Personalize Me and Provide an App, Event Attendees Request in a New Survey

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A new survey from the event software firm Cvent says that the majority of event attendees—especially in the United States—want personalized session recommendations before and during the event, based on their past attendances and interests. They would also like networking recommendations.

In addition, 59% of those surveyed from the U.S. would like a fully detailed schedule at the event—in print and in an app—including session descriptions, where to eat and what social functions to attend. That same percentage also wants recommendations about other professional events to attend. Those who download an event app are more likely to attend more events.

"Our results show that technology is shaping the future of events, with mobile event apps and onsite technology having an extremely positive impact on the attendee experience," said Patrick Smith, CMO at Cvent.

Here are other key takeaways from the survey.

Are we missing the boat on mobile event apps? More than 2/3 of mobile event app downloaders had a positive experience last time, and 70% found them extremely valuable (3 in 4 download them when they are available). However, only 1 in 4 attendees report that the last event they attended offered a mobile app. The top five mobile event app features are: session information, schedule tracker, maps, speaker information and notifications. Others include speaker contact information and attendee messaging. That last one could be big with the way Facebook is heading.

Networking continues to be crucial. Among event factors that contribute positively to the overall event experience, in-person networking with other attendees was at the top, with 63% saying this contributed to an overall positive experience. Aside from being a key component of events, many attendees reported that networking opportunities have a significant impact on their lives beyond the event itself. People want more networking oportunities, especially if it can be personalized.

Offer more session details. The decision-making process for choosing a session now leans primarily on the description of the session (77% among U.S. attendees) and who the speaker is (56%). Recommendations only drive attendance to a specific session 41% of the time.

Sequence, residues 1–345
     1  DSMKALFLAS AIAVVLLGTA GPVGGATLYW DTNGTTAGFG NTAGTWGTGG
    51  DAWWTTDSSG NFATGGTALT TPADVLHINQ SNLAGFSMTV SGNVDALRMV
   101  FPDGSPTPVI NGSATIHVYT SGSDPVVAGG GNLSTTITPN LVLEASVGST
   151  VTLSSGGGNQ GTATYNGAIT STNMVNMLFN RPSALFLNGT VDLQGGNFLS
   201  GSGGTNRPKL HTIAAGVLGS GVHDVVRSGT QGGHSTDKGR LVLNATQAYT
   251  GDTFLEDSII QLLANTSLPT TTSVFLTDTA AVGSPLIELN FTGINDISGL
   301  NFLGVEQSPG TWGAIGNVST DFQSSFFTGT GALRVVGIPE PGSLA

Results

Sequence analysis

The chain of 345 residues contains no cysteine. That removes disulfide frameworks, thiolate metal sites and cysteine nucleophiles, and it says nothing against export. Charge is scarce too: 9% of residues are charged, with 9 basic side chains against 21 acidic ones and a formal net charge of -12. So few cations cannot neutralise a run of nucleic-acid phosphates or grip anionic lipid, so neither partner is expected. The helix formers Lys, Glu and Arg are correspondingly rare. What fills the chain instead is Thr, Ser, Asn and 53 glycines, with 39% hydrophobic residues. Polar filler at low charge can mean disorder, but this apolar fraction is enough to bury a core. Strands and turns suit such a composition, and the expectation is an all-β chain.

Make processes smoother. Onsite solution technology helps to ease stress for attendees by eliminating long queues and making moving from session-to-session an easier process.

Provide take-home materials. In a bit of a reversal of what we've thought the last couple years—that people don't want to bring stuff home—1 in 4 attendees said that getting handouts and materials is valuable. The reason is to share with colleagues to provide more value to their company.

Emphasize the learning and growing opportunities. Above all else, attendees see professional events as a chance to learn and grow. So "quality of learning opportunity" and "professional development" are biggest reasons to attend.

Ease the stress. The top five stressors of attending events are being away from home, not knowing anyone, getting to and from the event location, finding your way around the event location and networking. Other stressors include what to wear and translating ley learnings into action at work. Millennials show higher stress levels, especially when it comes to the social aspects of attending events.

Emails still provide the best marketing. Emails are the number one source of event information followed by friend/colleague referrals and company recommendations. The average cost of the last conference attended is $811. Interestingly, events that last one day or less rose from 35% in 2015 to 38% in 2018. People in education are now apt to attend the most events.

Solicit recommendations to younger colleagues. Millennials generally rely on recommendations from the event (48%) at a higher rate than Generation Xers (41%) and baby boomers (35%), and they are most interested in the benefits of personalization on the whole. Millennials are also looking to increase the number of events they attend next year but say the paralysis of choice remains a challenge.

"That said, they do find the overall event experience significantly more stressful, especially having to network with people they don't know," the report states. "They are leaning on events to provide more recommendations that are personalized to their needs, from which sessions to attend to who they should connect with."

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Ronn Levine began his career as a reporter for The Washington Post and has won numerous writing and publications awards since. Most recently, he spent 12 years at the Newspaper Association of America covering a variety of topics before joining SIPA in 2009 and SIIA in 2013 as editorial director…